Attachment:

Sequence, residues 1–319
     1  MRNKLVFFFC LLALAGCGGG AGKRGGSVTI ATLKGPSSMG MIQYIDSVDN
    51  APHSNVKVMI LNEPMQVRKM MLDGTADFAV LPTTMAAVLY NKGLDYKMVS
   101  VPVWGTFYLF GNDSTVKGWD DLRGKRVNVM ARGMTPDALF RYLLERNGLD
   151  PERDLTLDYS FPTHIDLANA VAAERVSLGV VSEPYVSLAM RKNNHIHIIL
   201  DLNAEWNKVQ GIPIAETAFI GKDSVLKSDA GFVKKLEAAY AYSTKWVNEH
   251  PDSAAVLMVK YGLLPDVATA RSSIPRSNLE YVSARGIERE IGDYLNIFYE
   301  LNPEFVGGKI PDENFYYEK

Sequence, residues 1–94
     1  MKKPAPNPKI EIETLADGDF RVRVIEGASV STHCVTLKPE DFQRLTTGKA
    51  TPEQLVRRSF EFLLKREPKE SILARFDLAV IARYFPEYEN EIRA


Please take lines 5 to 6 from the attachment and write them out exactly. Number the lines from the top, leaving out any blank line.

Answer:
   151  PERDLTLDYS FPTHIDLANA VAAERVSLGV VSEPYVSLAM RKNNHIHIIL
   201  DLNAEWNKVQ GIPIAETAFI GKDSVLKSDA GFVKKLEAAY AYSTKWVNEH